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Author Topic: What is the factor that propels the Earth and other planets in orbit?  (Read 2963 times)


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Dusan asked the Naked Scientists:
What is the factor that propels the Earth and other planets to orbit around the sun and what propels moons orbit around their planets? And why is the speed of the orbiting of planets and moons always the same?

What do you think?


Offline Mr. Scientist

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Study Newtons equations for a
classical approach, which is also approximately correct. If you don't know any, i can give you a few examples.

Offline LeeE

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Our solar system and everything in it was created from the debris of an earlier supernovae explosion.  We know this from the presence, in the solar system and on Earth, of heavy metals, such as Gold, Lead and Uranium, which can only be created inside stars.  These heavy metals can only be 'liberated' to subsequently turn up in a planet when the star explodes in a supernovae explosion and blasts itself to pieces.

When this primeval supernovae occurred the debris from the explosion, including the heavy metals, was blasted off in to space, mostly in the form of dust and gas.  Over a very long time though, as the debris cloud drifted through space, it started to collapse upon itself due to its gravity.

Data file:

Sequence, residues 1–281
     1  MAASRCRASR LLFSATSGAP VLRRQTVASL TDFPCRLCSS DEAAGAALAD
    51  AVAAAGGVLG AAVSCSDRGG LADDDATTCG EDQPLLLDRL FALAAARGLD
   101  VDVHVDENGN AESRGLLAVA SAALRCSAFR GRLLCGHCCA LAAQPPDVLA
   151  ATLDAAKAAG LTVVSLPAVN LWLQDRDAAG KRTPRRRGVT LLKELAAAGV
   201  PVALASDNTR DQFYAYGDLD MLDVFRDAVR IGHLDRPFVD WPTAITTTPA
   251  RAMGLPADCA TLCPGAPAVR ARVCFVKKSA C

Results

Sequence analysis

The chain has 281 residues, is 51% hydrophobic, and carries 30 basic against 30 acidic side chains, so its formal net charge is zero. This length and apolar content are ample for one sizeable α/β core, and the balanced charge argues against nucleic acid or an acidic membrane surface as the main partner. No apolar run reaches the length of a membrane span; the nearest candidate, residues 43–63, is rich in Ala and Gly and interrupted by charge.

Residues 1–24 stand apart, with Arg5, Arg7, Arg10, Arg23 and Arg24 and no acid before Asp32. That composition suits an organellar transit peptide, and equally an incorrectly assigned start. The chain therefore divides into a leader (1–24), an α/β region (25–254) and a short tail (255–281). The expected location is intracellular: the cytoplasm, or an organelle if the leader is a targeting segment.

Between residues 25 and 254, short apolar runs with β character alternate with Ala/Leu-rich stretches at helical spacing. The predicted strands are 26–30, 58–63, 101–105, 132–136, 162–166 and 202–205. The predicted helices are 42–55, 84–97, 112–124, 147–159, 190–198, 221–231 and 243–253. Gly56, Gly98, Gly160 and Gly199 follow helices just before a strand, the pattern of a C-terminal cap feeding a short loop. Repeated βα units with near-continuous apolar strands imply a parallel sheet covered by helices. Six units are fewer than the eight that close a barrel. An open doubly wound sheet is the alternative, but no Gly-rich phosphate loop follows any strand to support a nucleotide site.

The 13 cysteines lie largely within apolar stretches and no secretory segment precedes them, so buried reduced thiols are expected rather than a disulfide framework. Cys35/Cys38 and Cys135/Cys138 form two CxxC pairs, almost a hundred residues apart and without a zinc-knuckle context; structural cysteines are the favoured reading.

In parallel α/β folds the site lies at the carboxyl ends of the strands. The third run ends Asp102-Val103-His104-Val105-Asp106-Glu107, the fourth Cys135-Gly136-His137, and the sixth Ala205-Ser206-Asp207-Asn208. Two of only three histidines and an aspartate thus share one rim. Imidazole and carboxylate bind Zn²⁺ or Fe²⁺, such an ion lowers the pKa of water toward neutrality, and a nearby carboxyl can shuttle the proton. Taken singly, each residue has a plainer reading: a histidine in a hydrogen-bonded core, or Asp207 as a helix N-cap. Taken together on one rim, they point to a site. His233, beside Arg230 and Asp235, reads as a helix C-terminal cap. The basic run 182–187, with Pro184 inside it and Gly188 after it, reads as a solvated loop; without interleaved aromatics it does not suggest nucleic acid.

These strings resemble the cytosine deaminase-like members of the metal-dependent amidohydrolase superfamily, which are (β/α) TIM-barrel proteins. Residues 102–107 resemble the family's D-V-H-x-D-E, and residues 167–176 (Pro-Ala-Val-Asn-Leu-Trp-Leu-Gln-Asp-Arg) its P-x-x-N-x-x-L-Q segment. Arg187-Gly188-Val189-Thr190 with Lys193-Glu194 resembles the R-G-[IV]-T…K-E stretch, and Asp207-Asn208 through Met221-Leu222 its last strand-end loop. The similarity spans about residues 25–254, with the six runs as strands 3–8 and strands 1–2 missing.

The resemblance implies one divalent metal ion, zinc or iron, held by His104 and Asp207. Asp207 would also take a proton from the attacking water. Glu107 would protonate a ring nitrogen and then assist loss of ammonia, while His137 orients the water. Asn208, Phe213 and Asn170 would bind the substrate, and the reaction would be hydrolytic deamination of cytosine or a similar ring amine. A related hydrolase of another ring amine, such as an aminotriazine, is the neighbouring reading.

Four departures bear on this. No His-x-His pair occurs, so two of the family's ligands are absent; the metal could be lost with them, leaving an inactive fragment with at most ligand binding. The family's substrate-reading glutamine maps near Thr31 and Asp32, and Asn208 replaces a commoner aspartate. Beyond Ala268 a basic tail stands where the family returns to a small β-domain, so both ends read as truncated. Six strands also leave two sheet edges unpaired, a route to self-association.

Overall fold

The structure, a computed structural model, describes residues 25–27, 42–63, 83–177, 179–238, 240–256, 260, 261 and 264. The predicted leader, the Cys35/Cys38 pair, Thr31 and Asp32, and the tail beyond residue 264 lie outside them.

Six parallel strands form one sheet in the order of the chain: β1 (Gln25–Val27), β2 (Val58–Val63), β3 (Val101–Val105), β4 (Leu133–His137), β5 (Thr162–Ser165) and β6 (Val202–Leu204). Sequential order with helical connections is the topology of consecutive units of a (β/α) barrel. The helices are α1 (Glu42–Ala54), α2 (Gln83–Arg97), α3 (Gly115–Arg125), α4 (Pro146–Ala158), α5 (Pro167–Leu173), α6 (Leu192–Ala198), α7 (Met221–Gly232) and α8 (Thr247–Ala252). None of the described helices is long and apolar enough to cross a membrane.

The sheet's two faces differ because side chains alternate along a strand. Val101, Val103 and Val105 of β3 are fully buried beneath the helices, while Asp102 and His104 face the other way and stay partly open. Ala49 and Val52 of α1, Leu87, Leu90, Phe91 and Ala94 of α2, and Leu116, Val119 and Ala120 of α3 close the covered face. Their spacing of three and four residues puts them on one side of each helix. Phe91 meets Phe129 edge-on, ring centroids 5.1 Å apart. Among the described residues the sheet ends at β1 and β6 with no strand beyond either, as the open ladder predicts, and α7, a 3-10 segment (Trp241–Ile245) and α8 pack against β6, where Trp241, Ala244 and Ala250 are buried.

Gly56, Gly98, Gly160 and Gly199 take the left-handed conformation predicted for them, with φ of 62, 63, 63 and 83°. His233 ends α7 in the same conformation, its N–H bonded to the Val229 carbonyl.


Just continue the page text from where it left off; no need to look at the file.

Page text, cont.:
Initially, all the dust and gas would have been moving in random directions as they started to orbit their mutual center of gravity, but over time the randomness gets balanced out as molecules of gas and particles of dust collide with each other.  However, all the random directions will never exactly cancel, because being random they're not exactly balanced, and you'll end up with an overall direction of rotation.  Once everything has finally settled down, with the Sun at the center of the solar system, and containing most of its mass, the remaining dust and gas that condenses into the planets and moons etc. will be orbiting in the same direction.

When a relatively small body orbits a relatively massive body, the speed that the small body orbits at just depends upon its distance from the massive body, so for example, Mercury, which is closest to the Sun, takes only 88 days to go around the Sun, whilst the Earth, which is further away takes 365.25 days.

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